the Ideal Student

The Ideal Student—reflection following Lego Bento DMLL session.

The 3D model above signifies my understanding of the ideal student:

The ideal student is someone who is curious and observes the world. Someone who understands that they shape their own experiences. She would be someone with care and attention to detail, unafraid to put in the work. She would be someone self-aware enough to surpass their own limitations and celebrate collaboration (hence the foot facing right). Someone with ‘interchangeable heads’—able to not take themselves too seriously but also apply intellectual depth into the design process.

the Ideal Academic

The Ideal Academic—reflection following Lego Bento DMLL session.

The 3D model above signifies my understanding of the ideal academic:

The ‘ideal’ academic is someone who seeks to elevate and create a progression of knowledge for their students. Someone who values discipline and structure but allows of disruptions in routine and space for creativity. The ideal academic builds her classes on the student’s existing knowledge (see blue layer); She will take into account not only the academic aptitudes of her students, but their affective tendencies as well. She will endeavor to allow students to follow their own path and she will create the environment to facilitate independent decision making. She will appreciate her student’s background and enable them to re-connect with childhood’s curiosity.

Collected notes on teaching

Below are a set of incidental observations I made throughout the year when teaching first year students on the Graphic Design course.

GROUP WORK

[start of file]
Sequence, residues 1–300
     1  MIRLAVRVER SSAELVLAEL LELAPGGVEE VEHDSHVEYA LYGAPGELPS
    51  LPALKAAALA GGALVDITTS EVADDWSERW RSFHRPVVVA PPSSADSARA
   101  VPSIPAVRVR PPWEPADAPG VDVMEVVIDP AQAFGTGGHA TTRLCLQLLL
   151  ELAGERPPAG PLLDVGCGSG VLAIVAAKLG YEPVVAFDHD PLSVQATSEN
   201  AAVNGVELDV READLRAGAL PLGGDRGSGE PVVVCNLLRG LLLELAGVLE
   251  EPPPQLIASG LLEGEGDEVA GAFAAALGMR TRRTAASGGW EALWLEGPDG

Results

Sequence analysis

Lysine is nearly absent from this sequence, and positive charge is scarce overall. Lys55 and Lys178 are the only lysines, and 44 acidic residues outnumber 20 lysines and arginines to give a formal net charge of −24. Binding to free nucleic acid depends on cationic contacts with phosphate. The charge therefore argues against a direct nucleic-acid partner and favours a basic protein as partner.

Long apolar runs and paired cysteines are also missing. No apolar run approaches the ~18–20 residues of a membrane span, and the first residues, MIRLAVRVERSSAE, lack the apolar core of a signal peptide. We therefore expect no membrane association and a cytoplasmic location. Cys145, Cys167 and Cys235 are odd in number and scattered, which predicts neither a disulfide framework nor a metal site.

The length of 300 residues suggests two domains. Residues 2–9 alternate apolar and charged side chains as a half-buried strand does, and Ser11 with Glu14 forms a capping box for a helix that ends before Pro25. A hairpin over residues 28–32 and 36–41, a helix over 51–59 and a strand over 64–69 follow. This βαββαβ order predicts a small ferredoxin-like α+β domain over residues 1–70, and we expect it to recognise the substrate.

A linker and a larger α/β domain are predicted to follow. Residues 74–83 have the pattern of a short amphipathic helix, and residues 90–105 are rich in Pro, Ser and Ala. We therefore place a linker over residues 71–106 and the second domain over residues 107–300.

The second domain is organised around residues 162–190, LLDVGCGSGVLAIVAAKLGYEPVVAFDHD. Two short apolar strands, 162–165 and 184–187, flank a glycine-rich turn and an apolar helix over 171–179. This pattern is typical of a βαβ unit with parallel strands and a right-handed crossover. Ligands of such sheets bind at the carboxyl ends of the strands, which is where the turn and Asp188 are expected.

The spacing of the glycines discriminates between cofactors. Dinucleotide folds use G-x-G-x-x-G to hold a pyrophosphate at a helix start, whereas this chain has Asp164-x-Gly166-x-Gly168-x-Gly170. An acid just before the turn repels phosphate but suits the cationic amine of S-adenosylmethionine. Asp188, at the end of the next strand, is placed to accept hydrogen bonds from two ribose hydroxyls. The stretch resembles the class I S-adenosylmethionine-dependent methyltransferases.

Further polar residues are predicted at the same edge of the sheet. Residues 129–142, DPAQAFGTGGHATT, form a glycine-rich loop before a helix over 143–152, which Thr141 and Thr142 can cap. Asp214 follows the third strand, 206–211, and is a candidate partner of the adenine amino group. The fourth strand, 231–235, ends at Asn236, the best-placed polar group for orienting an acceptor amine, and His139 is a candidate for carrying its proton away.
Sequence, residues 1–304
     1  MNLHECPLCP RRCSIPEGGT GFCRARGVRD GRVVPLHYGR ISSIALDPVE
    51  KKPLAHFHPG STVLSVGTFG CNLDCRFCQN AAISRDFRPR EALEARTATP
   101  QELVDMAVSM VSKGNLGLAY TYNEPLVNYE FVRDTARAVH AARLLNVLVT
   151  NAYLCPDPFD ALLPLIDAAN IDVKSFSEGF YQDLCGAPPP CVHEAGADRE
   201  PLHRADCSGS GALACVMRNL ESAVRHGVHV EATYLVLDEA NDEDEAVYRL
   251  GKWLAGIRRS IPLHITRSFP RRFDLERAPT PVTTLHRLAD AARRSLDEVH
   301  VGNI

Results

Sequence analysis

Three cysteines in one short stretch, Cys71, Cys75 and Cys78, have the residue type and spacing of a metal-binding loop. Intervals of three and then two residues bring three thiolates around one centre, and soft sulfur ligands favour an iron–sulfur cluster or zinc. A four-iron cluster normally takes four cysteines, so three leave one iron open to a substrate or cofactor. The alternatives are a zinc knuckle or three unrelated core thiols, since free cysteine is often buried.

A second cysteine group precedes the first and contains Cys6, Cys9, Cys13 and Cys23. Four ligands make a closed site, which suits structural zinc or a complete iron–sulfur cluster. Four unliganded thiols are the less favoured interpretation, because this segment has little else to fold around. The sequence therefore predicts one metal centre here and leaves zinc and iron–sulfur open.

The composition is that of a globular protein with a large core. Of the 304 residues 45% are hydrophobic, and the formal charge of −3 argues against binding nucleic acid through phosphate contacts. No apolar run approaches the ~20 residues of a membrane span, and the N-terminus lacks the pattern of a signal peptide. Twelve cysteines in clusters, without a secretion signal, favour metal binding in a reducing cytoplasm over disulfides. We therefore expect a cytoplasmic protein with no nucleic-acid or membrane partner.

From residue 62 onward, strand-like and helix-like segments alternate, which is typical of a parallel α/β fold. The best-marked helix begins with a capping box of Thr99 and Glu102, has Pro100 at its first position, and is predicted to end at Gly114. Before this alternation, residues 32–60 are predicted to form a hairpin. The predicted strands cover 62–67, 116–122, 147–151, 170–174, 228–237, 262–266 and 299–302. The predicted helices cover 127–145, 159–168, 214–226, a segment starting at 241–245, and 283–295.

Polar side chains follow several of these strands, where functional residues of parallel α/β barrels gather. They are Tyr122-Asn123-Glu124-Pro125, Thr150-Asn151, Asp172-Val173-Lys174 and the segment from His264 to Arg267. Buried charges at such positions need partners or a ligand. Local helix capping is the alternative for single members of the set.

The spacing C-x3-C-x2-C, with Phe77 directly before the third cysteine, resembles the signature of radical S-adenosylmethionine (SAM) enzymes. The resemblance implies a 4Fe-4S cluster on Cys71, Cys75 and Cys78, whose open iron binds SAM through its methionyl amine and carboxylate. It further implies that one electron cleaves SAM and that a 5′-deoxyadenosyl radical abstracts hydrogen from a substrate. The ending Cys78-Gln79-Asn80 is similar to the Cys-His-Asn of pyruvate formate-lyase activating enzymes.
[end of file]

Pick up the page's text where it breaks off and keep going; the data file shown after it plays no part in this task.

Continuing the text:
• Random groups work, but the ability to meet  regularly in those groups is crucial in terms of enabling students to monitor progress.
  • Sessions must be planned but allow for flexibility—feedback sessions usually depend on turn-up and poor attendance usually leads to a weak class.

SEMINARS and WORKSHOPS

Full freedom is detrimental at first year level. Students respond much better if guided through. Timing tasks, restricting thinking time and scaffolding tasks throughout the day without giving it all away maintains good engagement.

LECTURES

  • Lectures need a very clear structure and a clear relation to their projects.
  • Students appreciate theoretical sessions if interrupted by active participation.
  • They commit to workshops that are active and purposeful in relation to the assessed task. Value must be made explicit.

A word on my approach to learning:

Whilst the dangers of homogenized teaching and the benefit of delivering for learning styles are common knowledge, I believe they must be taken with pinch of salt—the learning style, similar to deep/surface approaches to learning are not inbuilt or fully defining attributes, but rather fluctuating and habitual states. Students must develop multimodal approaches in order to expand their area of observation.

More conducive to effective teaching I found is an awareness of the processes of understanding students undergo when faced with new knowledge. This has impacted the way I react to student behavior in class and shed light on characteristics that whilst potentially frustrating are but normal states towards understanding, i.e. silence could be a normal step in assimilating knowledge.

Assessment Observations

Below are a set of observations I made on the quality of the assessed work and the assessment process demonstrated in the first semester.

Some of the main drawbacks identified in student work included:
-lack of attention in interpreting the brief
-patchy engagement in class led to confusion and generally poor and incomplete work
-work is rushed and lacking connection between the different output
– research is superficial and lacks curiosity. The use of Pinterest perhaps promoted this.

Research and critical engagement with practice is an ever-present learning outcome of the course that students have historically struggled with as they took a surface approach limited to moodboarding only. In an attempt to deter imitation learning and scaffold student’s understanding of motives behind design I developed a session saw students perform reflective practice following Kolb’s cycle of learning whereby they gathered research on a particular brand, reflected on and discussed their finding, applied finding to own work and evaluated results.  Considering the assessment results, this exercise has led to a considerable increase in student’s perception of research and depth of engagement with findings.